October 13, 2014 3:00 pm • Capitol Media Services
PHOENIX — Both Republican Michele Reagan and Democrat Terry Goddard say they believe something needs to be done about “dark money” influencing elections in Arizona.
But the two candidates for secretary of state differ in their approach. And they don’t even agree on what the state can legally do.
The issue has taken center stage as outside groups are pouring millions of dollars into TV commercials and mailers in an effort to influence the race. And with a few exceptions, they are not disclosing the original source of the money because many are organized under the federal Internal Revenue Code under section 501(c)(4).
That designation is reserved for social welfare organizations, which also are allowed to lobby and influence elections. And they need not disclose names of members or donors.
But Goddard, a former attorney general, said he believes Arizona has a right to demand more from them, despite that federal loophole.
“The fact that they are a 501(c)(4) is a federal IRS designation,” he said.
“That has nothing to do with whether they’re a political entity in the state of Arizona,” Goddard said. “If they’re a political entity, they should register and should disclose their contributors.”
However, Reagan, who served a combined 12 years in the Arizona House and Senate, questions whether the state can simply decide campaign finance laws and disclosure requirements apply to those in that category.
What the state can do, she said, is police these organizations to ensure they are, in fact, spending more than half their dollars on social welfare issues and report the ones that fail to the IRS. Then, if the federal government finds them out of compliance, they would automatically be in violation of Arizona law.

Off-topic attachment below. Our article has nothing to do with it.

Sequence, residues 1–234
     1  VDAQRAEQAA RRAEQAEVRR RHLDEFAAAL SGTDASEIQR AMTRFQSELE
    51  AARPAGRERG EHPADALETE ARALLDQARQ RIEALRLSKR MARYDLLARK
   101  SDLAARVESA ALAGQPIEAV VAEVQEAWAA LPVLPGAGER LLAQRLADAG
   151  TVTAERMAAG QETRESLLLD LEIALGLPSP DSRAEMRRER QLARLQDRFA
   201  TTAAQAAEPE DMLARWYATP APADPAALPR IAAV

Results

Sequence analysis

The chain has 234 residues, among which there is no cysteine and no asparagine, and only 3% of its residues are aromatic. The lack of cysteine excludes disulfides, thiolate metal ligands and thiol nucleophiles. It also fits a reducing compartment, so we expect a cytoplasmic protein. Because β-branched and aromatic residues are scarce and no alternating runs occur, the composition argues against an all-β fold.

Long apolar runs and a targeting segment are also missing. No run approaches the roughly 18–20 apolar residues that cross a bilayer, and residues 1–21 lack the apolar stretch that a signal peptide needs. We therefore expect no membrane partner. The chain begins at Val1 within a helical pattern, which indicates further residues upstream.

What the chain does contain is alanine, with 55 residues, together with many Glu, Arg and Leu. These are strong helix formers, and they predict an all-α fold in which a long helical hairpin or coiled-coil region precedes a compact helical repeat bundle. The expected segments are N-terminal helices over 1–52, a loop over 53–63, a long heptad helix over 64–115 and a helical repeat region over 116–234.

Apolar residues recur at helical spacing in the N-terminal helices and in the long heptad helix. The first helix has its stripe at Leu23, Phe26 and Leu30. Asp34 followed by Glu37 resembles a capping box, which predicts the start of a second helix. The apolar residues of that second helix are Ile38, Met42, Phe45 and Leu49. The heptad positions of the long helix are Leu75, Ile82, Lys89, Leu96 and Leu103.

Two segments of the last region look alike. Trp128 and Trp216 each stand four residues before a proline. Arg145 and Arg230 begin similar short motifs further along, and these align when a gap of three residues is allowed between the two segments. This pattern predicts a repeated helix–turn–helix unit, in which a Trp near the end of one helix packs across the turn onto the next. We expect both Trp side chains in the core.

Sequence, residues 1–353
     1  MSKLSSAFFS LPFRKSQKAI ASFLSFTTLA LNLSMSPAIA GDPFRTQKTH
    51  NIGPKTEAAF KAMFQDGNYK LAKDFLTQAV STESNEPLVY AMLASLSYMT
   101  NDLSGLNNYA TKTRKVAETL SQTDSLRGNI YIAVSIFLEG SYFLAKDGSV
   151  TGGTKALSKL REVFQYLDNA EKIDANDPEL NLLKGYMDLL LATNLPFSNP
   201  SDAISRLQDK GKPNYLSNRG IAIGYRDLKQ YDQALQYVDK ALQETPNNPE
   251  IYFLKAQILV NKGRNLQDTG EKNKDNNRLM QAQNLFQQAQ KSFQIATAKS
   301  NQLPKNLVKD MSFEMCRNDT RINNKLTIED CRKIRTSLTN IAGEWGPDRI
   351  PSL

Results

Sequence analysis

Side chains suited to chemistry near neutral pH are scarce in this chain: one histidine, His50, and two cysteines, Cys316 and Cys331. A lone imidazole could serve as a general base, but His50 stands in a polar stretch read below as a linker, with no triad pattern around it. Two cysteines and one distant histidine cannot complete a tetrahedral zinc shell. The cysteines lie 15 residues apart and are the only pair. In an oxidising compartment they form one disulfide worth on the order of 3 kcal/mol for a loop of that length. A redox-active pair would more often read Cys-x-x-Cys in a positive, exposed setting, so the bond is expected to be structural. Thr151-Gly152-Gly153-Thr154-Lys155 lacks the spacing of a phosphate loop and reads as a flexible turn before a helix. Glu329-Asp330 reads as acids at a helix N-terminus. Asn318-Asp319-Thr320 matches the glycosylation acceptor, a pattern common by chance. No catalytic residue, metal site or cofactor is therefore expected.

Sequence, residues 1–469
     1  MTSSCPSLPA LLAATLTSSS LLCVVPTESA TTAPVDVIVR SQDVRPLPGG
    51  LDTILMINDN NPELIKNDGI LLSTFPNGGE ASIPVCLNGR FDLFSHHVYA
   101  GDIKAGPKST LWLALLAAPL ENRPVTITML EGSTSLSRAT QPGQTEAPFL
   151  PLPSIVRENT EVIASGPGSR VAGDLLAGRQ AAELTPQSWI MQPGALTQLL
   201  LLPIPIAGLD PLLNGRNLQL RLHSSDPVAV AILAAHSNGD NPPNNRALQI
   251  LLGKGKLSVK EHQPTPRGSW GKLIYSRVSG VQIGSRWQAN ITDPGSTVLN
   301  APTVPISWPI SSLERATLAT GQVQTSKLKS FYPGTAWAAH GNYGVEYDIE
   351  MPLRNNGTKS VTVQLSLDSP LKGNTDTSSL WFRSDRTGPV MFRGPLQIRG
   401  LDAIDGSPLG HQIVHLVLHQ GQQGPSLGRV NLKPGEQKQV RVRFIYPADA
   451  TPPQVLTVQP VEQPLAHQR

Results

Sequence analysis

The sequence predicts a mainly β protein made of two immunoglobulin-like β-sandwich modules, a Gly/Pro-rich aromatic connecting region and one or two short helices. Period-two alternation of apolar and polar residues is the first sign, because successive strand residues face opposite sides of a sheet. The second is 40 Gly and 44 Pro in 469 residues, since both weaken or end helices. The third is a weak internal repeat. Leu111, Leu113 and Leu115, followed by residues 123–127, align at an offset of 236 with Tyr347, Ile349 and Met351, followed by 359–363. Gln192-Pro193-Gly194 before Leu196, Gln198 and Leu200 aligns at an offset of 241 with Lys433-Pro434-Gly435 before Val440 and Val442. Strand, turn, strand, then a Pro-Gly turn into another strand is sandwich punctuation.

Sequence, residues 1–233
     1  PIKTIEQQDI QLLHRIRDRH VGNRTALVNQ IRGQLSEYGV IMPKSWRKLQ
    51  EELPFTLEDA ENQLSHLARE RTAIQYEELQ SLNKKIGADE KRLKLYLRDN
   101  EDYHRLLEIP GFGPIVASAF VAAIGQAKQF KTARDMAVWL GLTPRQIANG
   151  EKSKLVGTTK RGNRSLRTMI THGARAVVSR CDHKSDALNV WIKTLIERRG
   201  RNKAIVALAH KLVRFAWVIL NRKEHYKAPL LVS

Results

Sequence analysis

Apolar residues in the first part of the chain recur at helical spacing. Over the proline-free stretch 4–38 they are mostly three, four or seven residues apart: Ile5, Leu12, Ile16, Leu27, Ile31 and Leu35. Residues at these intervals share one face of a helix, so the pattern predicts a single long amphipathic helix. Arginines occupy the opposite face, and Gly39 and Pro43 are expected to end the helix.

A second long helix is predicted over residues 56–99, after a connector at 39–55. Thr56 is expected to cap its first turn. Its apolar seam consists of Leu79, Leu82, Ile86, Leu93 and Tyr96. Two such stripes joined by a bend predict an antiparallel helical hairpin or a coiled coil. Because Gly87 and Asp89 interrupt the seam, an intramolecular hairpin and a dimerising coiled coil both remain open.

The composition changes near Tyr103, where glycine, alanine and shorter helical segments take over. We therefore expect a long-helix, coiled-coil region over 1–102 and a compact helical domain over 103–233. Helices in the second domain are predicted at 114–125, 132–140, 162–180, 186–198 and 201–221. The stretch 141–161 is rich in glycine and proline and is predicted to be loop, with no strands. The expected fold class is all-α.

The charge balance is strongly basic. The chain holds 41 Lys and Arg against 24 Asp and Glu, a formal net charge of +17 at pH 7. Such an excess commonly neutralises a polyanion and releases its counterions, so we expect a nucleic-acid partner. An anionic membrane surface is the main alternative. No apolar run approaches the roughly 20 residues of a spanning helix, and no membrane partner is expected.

She thinks the better solution is to force disclosure by companies putting money into these groups.
“If a corporation is giving that amount of money to a 501(c)(4), it’s their decision to say ‘I’m giving this money’ and they should own up and tell the public that they are giving this amount of money to a group that may be electioneering,” Reagan said.
Goddard also is blasting Reagan for voting for 2013 legislation that would have made it harder for third-party candidates to qualify for the ballot and imposed new restrictions on those circulating initiative petitions.
Reagan says its not her fault because others put those provisions into a bill she sponsored to make needed changes in laws dealing with early ballots. She said, given an all-or-nothing choice, she believes there was more good in the measure than bad.
And the law never took effect, as lawmakers voted to repeal it after foes gathered enough signatures to put the question to voters.
The race is also significant as secretary of state is first in line for governor if that person dies, quits or is removed from office, something that has occurred five times in the last half century.